Reading a Narrative Out Loud

There are several benefits in reading your narrative out loud illustrated by Leigh Ryan in The Bedford Guide for Writing Tutors, they include:

1. Making sure the words you hear match and illustrate the experiences you are trying to express in words.
2. Locating word phrases that do not flow well to help you to find areas with errors in grammar, coherence, sentence structure, and development.
3. Sharpening your style and writing technique.

Why does reading your narrative out loud help you to revise and clarify your composition? In his article entitled "Collaborative Learning and the 'Conversation of Mankind,' " Kenneth A. Bruffee describes the relationship between speech and writing.

Conversation is speech and discussion between people; however, individuals also have conversation within their own mind. Often times, this is called reflective thought.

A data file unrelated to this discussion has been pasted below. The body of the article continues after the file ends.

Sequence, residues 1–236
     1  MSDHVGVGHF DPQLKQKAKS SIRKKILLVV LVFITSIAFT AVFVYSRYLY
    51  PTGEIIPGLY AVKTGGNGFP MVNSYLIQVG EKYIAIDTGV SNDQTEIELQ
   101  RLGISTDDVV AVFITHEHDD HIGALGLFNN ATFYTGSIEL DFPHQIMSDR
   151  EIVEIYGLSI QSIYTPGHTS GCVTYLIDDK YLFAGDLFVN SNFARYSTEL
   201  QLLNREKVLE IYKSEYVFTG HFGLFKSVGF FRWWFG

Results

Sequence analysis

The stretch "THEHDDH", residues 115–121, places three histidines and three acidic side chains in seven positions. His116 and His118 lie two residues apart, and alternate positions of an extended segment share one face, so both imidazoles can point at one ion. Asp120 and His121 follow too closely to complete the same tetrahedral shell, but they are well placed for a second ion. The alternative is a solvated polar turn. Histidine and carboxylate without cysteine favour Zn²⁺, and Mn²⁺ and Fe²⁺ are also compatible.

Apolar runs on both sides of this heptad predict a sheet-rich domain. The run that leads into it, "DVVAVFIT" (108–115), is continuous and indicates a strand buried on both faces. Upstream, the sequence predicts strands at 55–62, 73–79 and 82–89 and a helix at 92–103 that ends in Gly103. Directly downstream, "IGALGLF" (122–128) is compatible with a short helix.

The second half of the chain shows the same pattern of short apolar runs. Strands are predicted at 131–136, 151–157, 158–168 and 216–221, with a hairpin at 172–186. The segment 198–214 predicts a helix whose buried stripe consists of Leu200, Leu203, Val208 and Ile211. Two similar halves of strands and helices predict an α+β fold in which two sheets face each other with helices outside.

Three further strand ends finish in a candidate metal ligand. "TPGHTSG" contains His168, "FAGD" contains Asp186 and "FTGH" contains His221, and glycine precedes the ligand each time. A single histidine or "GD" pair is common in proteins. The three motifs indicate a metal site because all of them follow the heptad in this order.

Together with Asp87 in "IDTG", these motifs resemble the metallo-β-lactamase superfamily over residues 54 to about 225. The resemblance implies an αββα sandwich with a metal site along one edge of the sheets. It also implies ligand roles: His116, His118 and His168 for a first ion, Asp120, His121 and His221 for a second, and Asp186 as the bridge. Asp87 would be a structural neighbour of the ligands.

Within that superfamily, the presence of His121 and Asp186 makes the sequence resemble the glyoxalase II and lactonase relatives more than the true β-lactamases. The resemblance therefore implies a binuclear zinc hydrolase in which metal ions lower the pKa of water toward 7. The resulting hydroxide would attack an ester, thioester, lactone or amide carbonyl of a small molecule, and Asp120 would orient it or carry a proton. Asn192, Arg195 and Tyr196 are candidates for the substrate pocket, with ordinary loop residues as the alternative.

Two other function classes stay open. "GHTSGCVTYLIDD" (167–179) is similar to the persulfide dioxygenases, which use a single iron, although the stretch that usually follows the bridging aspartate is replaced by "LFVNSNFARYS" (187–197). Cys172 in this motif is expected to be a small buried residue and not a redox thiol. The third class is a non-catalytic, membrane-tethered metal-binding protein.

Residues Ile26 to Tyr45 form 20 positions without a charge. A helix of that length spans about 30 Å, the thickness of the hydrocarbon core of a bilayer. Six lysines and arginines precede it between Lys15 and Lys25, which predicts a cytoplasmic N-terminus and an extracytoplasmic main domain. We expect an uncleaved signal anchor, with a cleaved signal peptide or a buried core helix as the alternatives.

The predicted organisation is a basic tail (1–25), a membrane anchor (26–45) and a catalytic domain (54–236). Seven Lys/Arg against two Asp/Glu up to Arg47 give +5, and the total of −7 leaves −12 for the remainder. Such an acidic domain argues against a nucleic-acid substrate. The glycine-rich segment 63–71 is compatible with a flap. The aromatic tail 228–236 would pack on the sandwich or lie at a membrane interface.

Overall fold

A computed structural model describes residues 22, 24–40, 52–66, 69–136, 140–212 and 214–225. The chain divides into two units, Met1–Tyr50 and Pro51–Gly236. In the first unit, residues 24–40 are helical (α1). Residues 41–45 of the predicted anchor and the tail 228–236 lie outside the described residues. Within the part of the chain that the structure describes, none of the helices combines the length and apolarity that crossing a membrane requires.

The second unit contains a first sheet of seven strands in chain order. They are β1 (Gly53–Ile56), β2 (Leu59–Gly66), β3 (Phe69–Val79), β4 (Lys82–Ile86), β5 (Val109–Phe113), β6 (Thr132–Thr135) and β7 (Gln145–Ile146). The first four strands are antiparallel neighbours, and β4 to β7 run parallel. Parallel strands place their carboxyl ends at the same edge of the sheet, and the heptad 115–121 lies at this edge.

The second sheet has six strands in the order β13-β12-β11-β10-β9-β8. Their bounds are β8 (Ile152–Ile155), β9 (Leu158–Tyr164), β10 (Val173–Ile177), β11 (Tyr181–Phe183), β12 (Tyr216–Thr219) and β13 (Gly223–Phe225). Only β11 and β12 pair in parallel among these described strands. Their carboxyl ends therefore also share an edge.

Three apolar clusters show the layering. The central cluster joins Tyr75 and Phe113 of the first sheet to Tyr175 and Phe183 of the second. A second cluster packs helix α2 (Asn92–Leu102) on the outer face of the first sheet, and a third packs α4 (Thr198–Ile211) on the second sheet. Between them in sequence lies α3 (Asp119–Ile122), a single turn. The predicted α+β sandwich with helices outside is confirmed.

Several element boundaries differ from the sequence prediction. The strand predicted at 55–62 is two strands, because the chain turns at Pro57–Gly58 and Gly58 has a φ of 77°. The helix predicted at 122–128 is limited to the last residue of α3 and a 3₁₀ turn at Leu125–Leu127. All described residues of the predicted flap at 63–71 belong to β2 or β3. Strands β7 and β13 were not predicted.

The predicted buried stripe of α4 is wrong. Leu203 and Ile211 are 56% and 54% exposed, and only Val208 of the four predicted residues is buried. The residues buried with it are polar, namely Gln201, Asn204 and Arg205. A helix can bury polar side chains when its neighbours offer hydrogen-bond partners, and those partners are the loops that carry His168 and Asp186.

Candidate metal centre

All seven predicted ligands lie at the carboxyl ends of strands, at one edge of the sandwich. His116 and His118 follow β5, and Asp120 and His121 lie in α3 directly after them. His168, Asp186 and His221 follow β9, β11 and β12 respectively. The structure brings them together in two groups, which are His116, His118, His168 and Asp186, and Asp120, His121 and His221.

Narrative writing is primarily reflective in nature, and therefore, narrative writing can be linked to internal conversation.

By reading your narrative out loud to yourself and to others, you are listening to an internal conversation.

To fully understand and evaluate an internal conversation, you must recognize it is speech and not only critique its content but reflect on how it sounds and flows as well.

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